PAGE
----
A look at the impact of an efficient HMS in a chaotic ER Room

Arun Joseph VargheseArun Joseph Varghese on April 17, 2015

The Emergency Room is a critical point of access to the healthcare provider and offers an essential service to the public community. It is also the highest risk area in a hospital where there maybe infections and disease outbreaks. Patients may arrive in hoards or in trickles and can be highly unpredictable. Those who do arrive are in need of urgent medical care, without any medical history available to the paramedical staff. The ER is a unique environment in the sense that the clinical team may have to build a rapport with patients who they may potentially not see again under unpredictable and uncomfortable circumstances. It is an environment of unscheduled demand, perpetual shift changes, and caregiver handoffs where treatment includes numerous operational steps that must be accomplished under time constraints that can be made more challenging by overcrowded conditions. All of these factors may lead to sub-optimal outcomes which later may be found deficient or lack of information integration among the various hospital departments.

Typical Issues faced in an ER Room: 1> Long Waiting Times, 2> Overcrowding - worsening the patient outcomes, 3> 1 and 2 causes greater patient dissatisfaction 4> difficulty retaining paramedics and other staff, 5> high risk area for infections and diseases outbreaks 6> medical errors, 7> risk of violence directed towards staff, 8> negative work environment, 9> lack of productivity of staff, 10> lack of coordination amongst staff.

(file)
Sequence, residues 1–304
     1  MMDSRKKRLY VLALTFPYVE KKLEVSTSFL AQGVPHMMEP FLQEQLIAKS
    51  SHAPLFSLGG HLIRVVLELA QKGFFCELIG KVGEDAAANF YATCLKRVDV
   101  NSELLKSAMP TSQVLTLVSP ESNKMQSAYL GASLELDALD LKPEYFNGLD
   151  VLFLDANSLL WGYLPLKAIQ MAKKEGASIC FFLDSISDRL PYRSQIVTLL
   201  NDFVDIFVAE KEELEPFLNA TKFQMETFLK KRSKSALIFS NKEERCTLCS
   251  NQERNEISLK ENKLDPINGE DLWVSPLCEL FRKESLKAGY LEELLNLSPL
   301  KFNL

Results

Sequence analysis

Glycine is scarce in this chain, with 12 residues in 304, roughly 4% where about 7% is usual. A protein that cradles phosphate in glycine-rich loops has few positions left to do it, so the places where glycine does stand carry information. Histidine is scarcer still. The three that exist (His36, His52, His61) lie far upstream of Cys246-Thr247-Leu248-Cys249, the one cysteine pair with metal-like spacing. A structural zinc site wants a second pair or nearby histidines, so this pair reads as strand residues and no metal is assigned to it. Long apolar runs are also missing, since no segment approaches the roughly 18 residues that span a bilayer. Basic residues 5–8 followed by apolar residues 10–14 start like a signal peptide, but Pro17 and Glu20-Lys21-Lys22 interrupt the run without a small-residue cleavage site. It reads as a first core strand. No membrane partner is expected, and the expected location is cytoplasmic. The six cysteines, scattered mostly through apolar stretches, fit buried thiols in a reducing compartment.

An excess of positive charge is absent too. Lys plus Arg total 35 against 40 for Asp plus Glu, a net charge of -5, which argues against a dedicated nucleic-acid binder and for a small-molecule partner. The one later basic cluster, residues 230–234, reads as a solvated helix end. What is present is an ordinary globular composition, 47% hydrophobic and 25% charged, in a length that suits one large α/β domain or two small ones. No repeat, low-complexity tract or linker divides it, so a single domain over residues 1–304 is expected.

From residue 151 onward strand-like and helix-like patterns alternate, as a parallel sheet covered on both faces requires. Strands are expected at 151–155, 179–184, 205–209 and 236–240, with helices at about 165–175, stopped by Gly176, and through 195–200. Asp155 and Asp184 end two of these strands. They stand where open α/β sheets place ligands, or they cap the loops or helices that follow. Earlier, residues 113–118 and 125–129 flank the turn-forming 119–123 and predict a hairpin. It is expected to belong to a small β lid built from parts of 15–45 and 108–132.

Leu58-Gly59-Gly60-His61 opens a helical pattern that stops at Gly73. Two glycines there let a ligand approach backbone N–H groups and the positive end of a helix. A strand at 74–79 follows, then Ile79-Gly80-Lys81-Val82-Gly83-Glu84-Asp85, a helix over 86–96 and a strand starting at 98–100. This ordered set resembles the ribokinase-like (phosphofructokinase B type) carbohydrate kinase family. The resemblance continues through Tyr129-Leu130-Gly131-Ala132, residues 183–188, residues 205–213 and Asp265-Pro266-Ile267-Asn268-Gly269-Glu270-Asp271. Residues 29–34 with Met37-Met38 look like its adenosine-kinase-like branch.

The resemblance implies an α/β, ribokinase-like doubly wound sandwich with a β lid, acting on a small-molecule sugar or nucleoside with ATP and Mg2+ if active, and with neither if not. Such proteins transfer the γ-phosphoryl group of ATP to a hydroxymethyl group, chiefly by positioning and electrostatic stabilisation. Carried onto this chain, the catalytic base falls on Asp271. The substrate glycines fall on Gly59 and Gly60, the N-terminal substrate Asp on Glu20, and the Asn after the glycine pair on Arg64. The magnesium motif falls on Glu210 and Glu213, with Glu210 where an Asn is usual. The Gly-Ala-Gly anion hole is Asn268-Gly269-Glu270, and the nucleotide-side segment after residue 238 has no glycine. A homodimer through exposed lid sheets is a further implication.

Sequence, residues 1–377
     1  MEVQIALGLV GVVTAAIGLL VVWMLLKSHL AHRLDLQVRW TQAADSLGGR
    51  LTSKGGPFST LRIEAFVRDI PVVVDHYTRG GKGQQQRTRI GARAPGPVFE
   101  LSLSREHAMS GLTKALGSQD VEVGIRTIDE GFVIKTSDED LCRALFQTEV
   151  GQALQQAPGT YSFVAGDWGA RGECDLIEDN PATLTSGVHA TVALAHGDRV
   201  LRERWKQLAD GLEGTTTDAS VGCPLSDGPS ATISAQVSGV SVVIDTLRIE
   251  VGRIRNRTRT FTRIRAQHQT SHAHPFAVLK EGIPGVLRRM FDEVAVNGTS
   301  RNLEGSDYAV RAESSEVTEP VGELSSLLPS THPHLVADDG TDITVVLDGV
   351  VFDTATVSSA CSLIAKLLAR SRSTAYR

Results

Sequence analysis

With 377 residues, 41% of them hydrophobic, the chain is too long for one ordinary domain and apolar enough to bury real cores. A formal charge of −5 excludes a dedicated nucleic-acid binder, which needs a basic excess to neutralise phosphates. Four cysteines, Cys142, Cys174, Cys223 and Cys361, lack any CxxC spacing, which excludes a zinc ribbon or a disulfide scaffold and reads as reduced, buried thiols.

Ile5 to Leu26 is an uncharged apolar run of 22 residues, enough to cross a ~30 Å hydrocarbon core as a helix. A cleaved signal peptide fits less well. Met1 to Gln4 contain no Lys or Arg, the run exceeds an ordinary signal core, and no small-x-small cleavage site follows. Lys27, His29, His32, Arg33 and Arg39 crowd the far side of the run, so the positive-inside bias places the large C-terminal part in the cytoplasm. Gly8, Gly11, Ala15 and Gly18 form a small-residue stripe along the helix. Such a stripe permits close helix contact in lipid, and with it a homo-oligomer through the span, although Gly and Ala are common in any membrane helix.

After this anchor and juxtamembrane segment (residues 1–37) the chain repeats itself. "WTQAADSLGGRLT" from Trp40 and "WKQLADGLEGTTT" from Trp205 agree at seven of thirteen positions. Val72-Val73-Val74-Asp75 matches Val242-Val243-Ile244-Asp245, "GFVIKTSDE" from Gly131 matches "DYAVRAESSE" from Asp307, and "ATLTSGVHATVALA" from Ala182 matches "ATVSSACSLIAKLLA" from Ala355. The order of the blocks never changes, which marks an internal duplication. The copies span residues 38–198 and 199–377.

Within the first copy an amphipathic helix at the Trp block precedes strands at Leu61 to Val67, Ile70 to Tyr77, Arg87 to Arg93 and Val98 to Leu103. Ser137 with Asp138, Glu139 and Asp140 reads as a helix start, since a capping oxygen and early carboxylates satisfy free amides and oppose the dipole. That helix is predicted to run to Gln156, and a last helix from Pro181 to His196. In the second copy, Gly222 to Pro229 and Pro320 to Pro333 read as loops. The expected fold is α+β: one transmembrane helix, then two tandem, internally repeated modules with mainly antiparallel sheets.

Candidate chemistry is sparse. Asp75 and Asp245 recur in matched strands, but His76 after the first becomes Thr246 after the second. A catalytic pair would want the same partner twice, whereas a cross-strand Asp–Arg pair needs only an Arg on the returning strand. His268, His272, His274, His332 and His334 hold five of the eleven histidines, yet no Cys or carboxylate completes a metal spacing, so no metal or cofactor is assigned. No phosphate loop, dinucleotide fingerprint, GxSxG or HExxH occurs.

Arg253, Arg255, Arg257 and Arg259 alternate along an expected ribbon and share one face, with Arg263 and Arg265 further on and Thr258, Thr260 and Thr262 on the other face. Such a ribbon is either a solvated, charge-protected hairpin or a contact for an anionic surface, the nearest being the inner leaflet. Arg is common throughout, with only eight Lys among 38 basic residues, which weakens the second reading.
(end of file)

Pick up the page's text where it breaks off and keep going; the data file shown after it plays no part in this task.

Fundamentally an Hospital Management System (HMS) in the Emergency Room is expected to 1> facilitate the delivery of patient care, 2> conform to relevant operational, financial and clinical data, 3> maintain interoperability standards, 4> comply with applicable security and privacy concerns, 4> easy accessibility to data.

Essentially, the goal of the HMS is to have all necessary electronic information for patient care available at every computer or portable device in the ER. Avoiding frequent access to the patient hard copy files is wasteful and inefficient and delays decision making in an environment where every second counts. Investing in an HMS can improve patient care, quality of care, staff productivity and efficiency, improved turnaround times, increase in patient safety, decreasing errors of omission and commission; increasing space utilization and a satisfying work environment; improved client satisfaction and employee satisfaction; reducing operating costs; decreasing inefficiency and redundancy; increasing standardization and achieve recognition as a progressive workplace.

Recent Posts


April 17, 2015


April 17, 2015